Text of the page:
“Which of these three, do you think, was a neighbour to the man who fell into the hands of the robbers?” He said, ‘The one who showed him mercy.’ Jesus said to him, ‘Go and do likewise.’ – Luke 10: 36-37”
The ‘Good Samaritan’ Story is a model of prayerful action: ‘doing the right thing’ without a coherent logical or social pathway to reward or benefit. The attitude which prompts Jesus towards telling it is akin to our own culture today. Today, demand for precision and coherence are often used to avoid actions for justice and peace. Likewise, sometimes our demand for a reliable formula to ‘inherit eternal life’ can lead to actions and rules, rather than a whole life response to the gospel. But Jesus’ response to the crowd’s questions suggests that the way we ‘live’ is as important, leaving ‘eternity’ open and in the gracious hands of God alone.
In the story, the generous traveller models reconciliation. He does this without any realistic aspiration to solve the age-old enmity between his community and the survivor. Instead, his personal resources are brought into play. In our response to the climate crisis today, claims to “solve” the crisis might be dishonestly misleading, whilst we might nonetheless explore how it can be transformed through our action.
In the story, we don’t even learn of the Samaritan’s own opinions on the matter. Or of what the Jewish casualty did with the humiliation of being at the mercy of the Samaritan. Jesus restricts the hearers to the action which didn’t solve, but – for a moment at least – transformed what it meant for those who are expected to deny each other’s identity to come into relationship.
For Christians, this is the awesome delegation: the servitude of reconciliation. (cf 2 Corinthians 5:18). In the midst of a climate crisis which affects us all, there is nowhere to walk away to: no “other side” left to “pass by on”.
Rev Rachel Mash, of the Anglican Church of Southern Africa, has explored how, due to fossil fuel use in developed countries such as our own, her region is on the brink of not just crisis but catastrophe. Quoting Wilberforce, she said:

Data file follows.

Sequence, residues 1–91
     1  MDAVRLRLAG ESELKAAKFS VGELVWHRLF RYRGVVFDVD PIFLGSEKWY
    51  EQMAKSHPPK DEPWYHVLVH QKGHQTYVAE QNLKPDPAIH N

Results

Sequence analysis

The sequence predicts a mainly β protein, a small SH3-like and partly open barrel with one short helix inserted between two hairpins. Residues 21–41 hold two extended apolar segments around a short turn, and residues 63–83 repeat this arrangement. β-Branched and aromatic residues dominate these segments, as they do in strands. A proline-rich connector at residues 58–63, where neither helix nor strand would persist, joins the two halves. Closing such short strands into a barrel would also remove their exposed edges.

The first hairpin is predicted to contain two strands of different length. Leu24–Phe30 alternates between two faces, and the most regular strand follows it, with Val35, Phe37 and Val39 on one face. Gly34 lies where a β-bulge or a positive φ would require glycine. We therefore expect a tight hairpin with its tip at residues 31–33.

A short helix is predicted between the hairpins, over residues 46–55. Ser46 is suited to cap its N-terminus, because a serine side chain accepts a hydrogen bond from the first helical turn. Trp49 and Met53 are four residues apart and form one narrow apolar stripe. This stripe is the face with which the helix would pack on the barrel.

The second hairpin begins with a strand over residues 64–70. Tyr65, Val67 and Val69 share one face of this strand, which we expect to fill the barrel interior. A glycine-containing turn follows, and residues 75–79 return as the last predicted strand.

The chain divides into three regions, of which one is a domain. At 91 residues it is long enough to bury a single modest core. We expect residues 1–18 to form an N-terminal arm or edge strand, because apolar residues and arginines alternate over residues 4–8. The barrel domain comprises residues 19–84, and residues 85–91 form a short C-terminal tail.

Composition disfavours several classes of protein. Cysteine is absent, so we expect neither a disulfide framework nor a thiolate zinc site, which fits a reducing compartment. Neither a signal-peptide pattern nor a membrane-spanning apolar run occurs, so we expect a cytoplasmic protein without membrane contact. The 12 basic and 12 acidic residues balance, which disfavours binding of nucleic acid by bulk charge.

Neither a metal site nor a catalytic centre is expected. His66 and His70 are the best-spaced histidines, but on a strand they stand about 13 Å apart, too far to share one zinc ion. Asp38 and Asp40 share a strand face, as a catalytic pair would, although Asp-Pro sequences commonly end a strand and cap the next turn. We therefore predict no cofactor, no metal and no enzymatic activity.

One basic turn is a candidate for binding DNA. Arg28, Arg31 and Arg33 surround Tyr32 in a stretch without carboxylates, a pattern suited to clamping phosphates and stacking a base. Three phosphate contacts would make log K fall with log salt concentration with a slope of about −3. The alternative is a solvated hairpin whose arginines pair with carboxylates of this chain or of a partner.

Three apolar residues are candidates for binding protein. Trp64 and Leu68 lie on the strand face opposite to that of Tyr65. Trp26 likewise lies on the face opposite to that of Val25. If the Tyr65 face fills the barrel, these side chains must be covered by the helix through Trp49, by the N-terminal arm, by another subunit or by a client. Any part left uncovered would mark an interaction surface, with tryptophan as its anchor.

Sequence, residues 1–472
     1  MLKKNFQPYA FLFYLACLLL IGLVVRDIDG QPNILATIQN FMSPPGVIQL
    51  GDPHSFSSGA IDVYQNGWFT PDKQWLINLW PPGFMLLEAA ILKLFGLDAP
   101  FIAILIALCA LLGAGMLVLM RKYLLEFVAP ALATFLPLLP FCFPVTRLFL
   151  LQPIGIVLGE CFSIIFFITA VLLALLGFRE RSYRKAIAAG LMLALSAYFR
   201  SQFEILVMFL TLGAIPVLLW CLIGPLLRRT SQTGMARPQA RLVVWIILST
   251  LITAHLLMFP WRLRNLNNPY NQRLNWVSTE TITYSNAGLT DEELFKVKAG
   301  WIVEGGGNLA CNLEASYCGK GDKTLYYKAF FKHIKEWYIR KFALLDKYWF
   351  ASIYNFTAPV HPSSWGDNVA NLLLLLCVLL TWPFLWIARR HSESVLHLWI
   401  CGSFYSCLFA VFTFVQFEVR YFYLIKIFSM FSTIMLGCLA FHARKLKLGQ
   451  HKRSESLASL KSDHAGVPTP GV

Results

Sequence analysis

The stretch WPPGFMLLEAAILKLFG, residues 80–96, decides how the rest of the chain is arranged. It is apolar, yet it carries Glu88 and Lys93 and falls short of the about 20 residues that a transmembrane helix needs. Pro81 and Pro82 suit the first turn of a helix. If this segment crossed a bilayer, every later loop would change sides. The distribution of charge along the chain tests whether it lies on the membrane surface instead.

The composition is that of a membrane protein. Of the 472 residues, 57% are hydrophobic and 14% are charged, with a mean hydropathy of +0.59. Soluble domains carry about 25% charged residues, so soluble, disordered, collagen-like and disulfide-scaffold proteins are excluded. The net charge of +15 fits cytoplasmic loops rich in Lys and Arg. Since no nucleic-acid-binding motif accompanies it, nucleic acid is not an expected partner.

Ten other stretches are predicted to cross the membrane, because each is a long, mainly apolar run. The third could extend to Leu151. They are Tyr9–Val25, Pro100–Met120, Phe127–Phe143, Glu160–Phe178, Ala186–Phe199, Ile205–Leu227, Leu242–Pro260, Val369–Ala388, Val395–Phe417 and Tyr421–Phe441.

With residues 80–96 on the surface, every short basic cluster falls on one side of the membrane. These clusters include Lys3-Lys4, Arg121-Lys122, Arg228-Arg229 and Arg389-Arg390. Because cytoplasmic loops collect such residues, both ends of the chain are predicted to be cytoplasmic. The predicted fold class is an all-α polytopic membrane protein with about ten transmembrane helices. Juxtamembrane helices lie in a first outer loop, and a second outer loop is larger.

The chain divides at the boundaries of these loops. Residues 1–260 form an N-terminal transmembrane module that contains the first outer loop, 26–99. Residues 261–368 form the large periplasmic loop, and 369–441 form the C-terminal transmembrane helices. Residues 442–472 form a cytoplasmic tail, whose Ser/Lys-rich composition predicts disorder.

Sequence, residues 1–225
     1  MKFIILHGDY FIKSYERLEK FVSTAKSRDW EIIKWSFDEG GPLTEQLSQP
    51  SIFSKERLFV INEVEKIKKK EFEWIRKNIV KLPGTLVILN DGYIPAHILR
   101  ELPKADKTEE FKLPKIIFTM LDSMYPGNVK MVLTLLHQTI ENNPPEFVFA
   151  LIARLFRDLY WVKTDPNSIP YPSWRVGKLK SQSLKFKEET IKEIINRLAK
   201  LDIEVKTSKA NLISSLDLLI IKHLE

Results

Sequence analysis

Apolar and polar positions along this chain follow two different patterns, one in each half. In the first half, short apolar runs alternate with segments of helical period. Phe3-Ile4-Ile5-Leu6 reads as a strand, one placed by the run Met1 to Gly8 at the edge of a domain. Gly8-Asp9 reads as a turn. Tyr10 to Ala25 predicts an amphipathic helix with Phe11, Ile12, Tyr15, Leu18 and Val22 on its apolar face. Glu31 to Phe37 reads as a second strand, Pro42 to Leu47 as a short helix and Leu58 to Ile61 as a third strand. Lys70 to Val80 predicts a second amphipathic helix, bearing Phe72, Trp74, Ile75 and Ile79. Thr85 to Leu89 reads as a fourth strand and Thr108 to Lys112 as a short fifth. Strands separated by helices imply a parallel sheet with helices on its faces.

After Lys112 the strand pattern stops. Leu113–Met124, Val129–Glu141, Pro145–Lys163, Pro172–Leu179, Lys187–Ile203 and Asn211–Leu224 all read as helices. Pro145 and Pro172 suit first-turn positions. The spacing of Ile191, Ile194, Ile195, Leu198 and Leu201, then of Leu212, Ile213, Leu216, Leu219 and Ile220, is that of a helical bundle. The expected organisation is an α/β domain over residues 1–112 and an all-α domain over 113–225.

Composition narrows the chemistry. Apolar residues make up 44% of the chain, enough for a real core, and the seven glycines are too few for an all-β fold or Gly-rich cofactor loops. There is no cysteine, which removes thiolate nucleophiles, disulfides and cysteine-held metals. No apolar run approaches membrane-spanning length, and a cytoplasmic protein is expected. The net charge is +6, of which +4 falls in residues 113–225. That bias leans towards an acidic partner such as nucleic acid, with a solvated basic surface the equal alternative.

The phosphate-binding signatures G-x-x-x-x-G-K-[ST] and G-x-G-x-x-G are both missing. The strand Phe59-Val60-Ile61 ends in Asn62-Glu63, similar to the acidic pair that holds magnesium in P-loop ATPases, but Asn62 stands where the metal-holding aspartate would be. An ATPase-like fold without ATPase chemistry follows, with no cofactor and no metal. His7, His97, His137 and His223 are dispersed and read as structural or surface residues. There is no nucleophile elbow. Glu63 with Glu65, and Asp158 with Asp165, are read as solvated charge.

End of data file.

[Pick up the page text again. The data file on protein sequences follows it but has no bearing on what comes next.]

“You may choose to look the other way but you can never say again that you did not know.”
Even for those already taking action on the urgency of the crisis, the oppositional posturing which looks to ‘victory’ in any issue must be let go of. Last year, the decision-making body of the United Reformed Church reached a unanimous decision to switch investments to sustainable sources. Christians who ‘win’, lose. Convince, don’t defeat. Our faith should help us aspire to be ‘more than conquerors’.
The other traditional game of Bible study will ask ‘Who, today, is the Samaritan, who the victim of abuse?’. Is the ravaged Earth the traveller, graciously saved by enlightened climate initiatives and the LEDs in your church light fittings?
Or is it rather humanity as a whole: dismissive of the rest of Creation on which we so totally depend? Numerous Bible stories (cf the narrative of Balaam Numbers 22-24) show up the pointlessness of the usual ‘solutions’ of chucking money, experts, honours, privilege, lies, denial, celebrity and technology at a perceived threat, when to make peace and to befriend would move us forward.
As for the Priest and the Levite, do we recognise ourselves in those who give lip-service to the urgency of change, but resentfully insist that it will be for others to take the first step?
Stop ‘fighting climate change’. Make friends with the Earth.
Today’s reflection is written by Rev David Coleman. David is an United Reformed Church Minister and the environmental chaplain at Eco Congregation Scotland. David’s role involves providing spiritual and theological support to churches in their work of caring for creation.